Discussion Group Round-Up

discussion group wrap up

Samantha Flight and Lesley Irvine, TIA Dairy Centre

Central North Discussion Group

The Central North Discussion Group met last month on Jody and Susanna Haberle’s dairy farm at Dairy Plains. Jody and Susanna milk 550 cows at peak on 250 ha.

Drainage was a strong discussion point on the day. Dr Bill Cotching was able to provide some great discussions about the hump and hollow drainage system used on the farm. On the day, it was evident the hump and hollow drainage was working well, with the humps having a higher pasture cover than the hollows where water was flowing. We also looked at some of the paddocks that were extremely wet and discussed the future drainage plans.  There were numerous drainage options discussed, including further expansion of the hump and hollow drainage system. However, Bill Cotching suggested that underground drainage would possibly be a more effective option for the new area under discussion. The Haberle’s are also cleaning-out existing drains. The importance of good drain maintenance cannot be underestimated. Poorly maintained drains do not move water effectively from wet areas, causing a negative impact on pasture growth.

Devonport Discussion Group

Last month the Devonport Discussion Group met at the Ben and Wendy Radcliff’s dairy farm at West Pine to discuss all things about soils. 400 cows are milked on 140 hectares. Cropping is incorporated into the business, with a variety of crops such as potatoes and poppies rotationally grown on the milking area. Dr Bill Cotching led a discussion on many topics around soils one of which  was soil compaction. Compacted soils will have noticeably smaller populations of living organisms, such as a reduced earthworm population. Earthworms are an important soil conditioner as they help aerate and improve soil structure. In a healthy soil you should find 25-50 earthworms per spade full.

As most farms suffer some form of compaction caused either through livestock trafficking and pugging damage or from heavy machinery use a discussion was held on how these situations could be either avoided or reversed. Reversing damage caused by compaction is a slow process. Bill suggested sowing paddocks down to pasture for 10-15 years would allow the soil to recover. Controlled trafficking and avoiding using heavy machinery on wet paddocks and/or limiting their access will help prevent further compaction.

Compaction caused by livestock mostly occurs in wet conditions. Providing multiple access points to a paddock, back fencing, on/off grazing and the use of feed pads will all help reduce the level of compaction.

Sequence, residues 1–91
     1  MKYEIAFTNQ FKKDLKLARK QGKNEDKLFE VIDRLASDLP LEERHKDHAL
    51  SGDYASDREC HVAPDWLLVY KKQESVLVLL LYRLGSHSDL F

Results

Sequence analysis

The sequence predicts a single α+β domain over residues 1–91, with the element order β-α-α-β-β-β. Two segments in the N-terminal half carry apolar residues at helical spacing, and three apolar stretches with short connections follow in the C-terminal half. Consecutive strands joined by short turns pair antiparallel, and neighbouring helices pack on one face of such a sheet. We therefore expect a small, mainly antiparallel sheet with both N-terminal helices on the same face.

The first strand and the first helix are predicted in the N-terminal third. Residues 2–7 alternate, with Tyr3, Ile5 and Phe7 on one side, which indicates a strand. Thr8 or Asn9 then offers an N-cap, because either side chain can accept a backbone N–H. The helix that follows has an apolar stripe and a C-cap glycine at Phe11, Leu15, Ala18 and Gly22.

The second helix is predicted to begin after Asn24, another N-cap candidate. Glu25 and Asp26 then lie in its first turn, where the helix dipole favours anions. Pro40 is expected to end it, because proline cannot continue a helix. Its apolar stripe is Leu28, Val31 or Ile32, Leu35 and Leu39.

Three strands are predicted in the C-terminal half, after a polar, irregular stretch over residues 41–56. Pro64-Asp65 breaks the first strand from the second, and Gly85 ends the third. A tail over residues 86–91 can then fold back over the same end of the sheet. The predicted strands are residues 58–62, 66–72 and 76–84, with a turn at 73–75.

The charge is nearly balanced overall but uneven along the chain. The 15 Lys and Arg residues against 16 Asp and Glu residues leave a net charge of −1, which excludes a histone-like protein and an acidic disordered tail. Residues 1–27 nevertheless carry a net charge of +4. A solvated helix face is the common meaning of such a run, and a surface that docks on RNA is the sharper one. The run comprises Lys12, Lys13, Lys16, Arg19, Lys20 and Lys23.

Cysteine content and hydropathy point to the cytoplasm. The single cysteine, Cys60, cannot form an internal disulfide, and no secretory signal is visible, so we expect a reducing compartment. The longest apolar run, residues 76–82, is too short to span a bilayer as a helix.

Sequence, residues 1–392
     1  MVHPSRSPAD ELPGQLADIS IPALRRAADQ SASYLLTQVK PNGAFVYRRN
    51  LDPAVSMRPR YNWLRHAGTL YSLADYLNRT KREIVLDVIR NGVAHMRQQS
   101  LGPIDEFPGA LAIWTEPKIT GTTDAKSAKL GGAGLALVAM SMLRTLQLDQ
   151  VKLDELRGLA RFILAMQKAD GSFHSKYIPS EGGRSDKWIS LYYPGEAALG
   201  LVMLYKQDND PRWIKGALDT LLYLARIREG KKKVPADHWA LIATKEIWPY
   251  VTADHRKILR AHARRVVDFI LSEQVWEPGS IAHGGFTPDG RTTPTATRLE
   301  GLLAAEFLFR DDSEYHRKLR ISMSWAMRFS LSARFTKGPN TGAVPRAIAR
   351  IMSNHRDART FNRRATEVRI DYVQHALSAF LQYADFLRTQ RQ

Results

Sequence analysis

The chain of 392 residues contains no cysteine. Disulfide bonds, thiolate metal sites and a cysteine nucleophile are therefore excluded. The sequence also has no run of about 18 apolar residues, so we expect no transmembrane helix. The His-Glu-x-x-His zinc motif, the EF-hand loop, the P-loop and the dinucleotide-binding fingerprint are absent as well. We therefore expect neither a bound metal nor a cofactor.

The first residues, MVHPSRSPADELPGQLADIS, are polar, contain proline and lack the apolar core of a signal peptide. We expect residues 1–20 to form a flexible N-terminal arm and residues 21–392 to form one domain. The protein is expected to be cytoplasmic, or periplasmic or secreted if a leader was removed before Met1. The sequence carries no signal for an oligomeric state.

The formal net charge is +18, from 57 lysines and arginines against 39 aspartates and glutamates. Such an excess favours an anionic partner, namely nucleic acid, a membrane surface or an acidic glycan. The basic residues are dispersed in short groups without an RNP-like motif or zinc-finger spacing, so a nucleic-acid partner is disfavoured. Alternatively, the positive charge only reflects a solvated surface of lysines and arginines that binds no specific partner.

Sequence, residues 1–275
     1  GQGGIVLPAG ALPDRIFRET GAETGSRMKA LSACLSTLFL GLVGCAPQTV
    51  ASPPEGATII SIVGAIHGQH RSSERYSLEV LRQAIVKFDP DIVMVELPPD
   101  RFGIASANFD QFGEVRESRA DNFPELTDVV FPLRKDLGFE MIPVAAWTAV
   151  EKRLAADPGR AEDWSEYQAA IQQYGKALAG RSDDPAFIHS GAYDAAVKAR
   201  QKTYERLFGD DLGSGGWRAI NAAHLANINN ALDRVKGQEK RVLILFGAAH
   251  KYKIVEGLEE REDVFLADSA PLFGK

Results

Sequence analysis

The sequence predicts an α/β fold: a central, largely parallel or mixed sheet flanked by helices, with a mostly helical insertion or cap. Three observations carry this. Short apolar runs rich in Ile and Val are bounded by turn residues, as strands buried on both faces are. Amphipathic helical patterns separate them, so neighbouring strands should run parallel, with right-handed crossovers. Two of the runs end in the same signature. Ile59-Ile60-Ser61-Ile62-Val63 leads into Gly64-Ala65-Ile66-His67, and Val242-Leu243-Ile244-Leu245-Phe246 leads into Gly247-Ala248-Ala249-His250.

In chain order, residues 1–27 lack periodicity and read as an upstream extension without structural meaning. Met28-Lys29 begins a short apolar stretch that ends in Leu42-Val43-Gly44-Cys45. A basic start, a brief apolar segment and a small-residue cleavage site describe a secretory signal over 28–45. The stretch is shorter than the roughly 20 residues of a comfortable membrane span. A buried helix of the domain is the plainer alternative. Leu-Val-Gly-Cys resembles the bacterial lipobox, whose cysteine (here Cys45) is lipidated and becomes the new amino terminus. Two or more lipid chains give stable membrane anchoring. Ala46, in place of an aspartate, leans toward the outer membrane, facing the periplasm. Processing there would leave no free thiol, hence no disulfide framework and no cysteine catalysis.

Some of the key points discussed with Bill Cotching at both of the discussion groups included:

  • Know your soil fertility levels and variability of the key elements P, K, and S across your farm – soil test all paddocks every 3 years - so you can apply appropriate fertiliser to different areas and perhaps in areas of extremely high fertility  mine the fertility that you have built up and save some ‘big dollars’.
  • Know what nutrients are moving on and off the farm through milk, crops, livestock sales, silage or hay sales or purchases etc.
  • Do a nutrient budget, so you can calculate the exact level of nutrients that need to be applied.
  • Drainage may be  essential to ensure soils don’t remain waterlogged after heavy rains or flooding events. Water needs to able to move off as quickly as possible to minimise the anaerobic (no oxygen) soil conditions which inhibit good soil microbial health.
  • Understand the impact compaction can have on the potential uptake of nutrients from the soil.
  • Learn how to assess soil for compaction damage.  This involves digging a hole and measuring the ease with which the spade goes into the soil and making a visual assessment of the structure of the top section of soil. Break apart the soil and estimate the force required (uncompacted soil is loose and friable). Give your soil a score from 1-10 on aggregate formation, with a score of 6 or less being considered degraded. See Bill Cotching’s Soil Health for Farming in Tasmania guide for more information: http://www.utas.edu.au/__data/assets/pdf_file/0005/386762/Bill_Cotching_Soil-Health-for-Farming-in-Tasmania.pdf.